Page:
Looming over steel strings that are strummed in a state of deep reflection, Jon Eduardo stands delicately on “Cielo Lleno de Estrellas.” Having grown up in Puerto Rico, and now based in Miami, Eduardo’s social injustice focus, musically, came after Mexico’s Missing 43. Each single crafted from Eduardo’s discography explores global pains, primarily within the Latin community.
“Cielo Llendo de Estrellas” is no different in its tone but mourns in its delivery. Dedicated to all lost at the border of Mexico, one the artist expresses “where not only dreams died, hopes and opportunities of having a better future too,” the four-minute composition is an unsettling eulogy that seeks beauty in keeping the stories alive.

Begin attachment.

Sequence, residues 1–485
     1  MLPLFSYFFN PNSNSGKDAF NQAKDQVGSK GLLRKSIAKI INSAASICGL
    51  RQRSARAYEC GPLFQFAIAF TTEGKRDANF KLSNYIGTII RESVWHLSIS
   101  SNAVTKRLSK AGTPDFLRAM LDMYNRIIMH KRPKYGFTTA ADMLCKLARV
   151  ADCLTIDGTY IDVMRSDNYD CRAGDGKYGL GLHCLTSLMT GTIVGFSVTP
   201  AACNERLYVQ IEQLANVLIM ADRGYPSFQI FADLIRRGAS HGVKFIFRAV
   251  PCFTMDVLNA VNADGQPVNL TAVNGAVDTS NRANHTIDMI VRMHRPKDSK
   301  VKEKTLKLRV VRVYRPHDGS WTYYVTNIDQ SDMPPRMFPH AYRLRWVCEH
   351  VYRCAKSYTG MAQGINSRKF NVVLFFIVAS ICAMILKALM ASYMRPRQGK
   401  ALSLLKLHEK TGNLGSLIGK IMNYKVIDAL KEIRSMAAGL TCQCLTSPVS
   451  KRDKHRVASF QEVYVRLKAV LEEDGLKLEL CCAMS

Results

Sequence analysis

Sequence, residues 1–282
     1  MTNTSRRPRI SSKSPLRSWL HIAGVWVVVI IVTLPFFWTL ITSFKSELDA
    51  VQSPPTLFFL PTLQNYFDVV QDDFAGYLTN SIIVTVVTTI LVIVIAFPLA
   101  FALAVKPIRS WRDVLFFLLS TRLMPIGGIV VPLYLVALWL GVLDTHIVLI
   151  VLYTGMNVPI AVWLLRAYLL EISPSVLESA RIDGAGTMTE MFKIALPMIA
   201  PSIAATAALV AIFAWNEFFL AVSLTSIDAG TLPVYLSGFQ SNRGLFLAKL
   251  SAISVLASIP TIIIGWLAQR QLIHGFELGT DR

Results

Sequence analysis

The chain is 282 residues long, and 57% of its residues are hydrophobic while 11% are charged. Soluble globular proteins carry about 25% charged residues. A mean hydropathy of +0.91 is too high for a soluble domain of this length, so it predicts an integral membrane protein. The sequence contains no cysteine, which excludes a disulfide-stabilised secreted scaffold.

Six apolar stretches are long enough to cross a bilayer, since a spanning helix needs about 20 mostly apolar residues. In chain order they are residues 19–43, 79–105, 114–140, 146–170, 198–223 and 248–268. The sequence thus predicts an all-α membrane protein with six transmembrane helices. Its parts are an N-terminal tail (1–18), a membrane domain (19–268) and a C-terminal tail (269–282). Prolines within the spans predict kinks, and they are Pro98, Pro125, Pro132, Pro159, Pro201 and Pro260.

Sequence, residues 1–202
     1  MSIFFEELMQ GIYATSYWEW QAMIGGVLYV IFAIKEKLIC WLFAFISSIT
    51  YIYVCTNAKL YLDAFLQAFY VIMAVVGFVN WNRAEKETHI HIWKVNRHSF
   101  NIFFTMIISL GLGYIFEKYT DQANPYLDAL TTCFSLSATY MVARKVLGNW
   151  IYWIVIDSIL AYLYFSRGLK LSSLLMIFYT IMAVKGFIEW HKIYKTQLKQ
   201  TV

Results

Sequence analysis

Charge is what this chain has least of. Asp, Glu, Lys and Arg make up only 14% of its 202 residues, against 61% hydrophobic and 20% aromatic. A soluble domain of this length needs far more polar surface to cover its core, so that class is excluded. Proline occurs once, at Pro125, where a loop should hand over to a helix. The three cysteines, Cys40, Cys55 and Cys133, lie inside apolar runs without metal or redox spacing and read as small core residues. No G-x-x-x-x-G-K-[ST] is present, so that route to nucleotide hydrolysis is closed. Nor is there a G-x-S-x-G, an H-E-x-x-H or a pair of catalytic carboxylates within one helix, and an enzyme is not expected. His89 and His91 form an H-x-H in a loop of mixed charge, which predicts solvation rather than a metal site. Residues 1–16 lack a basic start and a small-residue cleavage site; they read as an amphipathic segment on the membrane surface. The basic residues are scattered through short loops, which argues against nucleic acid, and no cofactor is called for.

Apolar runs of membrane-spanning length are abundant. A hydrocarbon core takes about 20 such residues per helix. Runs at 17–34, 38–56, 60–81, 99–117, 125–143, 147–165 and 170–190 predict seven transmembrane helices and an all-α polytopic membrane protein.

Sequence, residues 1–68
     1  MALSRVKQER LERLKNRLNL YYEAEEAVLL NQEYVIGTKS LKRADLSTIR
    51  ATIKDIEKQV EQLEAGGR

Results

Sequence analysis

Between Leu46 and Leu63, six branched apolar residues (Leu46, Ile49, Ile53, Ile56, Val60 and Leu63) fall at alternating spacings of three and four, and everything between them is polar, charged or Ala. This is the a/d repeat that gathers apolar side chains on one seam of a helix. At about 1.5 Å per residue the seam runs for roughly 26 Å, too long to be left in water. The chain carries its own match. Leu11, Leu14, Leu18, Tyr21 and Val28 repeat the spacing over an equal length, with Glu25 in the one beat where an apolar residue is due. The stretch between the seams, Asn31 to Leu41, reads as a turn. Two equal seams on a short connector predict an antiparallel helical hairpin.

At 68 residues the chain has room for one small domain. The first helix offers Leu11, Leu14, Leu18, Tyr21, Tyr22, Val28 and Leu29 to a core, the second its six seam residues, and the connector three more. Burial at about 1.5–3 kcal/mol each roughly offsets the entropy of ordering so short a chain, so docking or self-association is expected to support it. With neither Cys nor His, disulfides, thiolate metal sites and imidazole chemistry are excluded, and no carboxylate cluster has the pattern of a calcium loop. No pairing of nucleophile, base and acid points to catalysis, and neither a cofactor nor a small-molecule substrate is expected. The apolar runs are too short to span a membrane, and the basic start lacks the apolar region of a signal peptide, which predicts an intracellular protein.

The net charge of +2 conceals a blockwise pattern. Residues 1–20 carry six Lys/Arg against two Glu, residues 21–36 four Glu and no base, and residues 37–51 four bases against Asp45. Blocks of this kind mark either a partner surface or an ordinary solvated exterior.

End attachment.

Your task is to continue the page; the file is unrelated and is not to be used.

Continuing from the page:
The scene of a better life comes into full view within the first few lines. A disconnected string arrangement haunts and continues to wrap Eduardo and his strings. Coloring a scene that many have viewed, approaching the border after a long journey, a sense of hope is instilled briefly. And as quick as hope enters, it leaves by the meeting of a “Coyote” who wants more money: “I tell him I don’t have it / set in motion with the dust of the desert.”
The unfortunate and inevitable end comes quickly and mirrors the tightening of the classical instrumentation to Eduardo’s vivid lines. The transitional end of the track fades into an extended instrumental outro and finally offers a bittersweet relief (“Violent blow, I am ascending, I don’t feel pain / The sky full of stars I am one of them now”). Poetically written, “Cielo Llendo de Estrellas” not only tells a story but shows a hushed pain that never gets to speak its truth.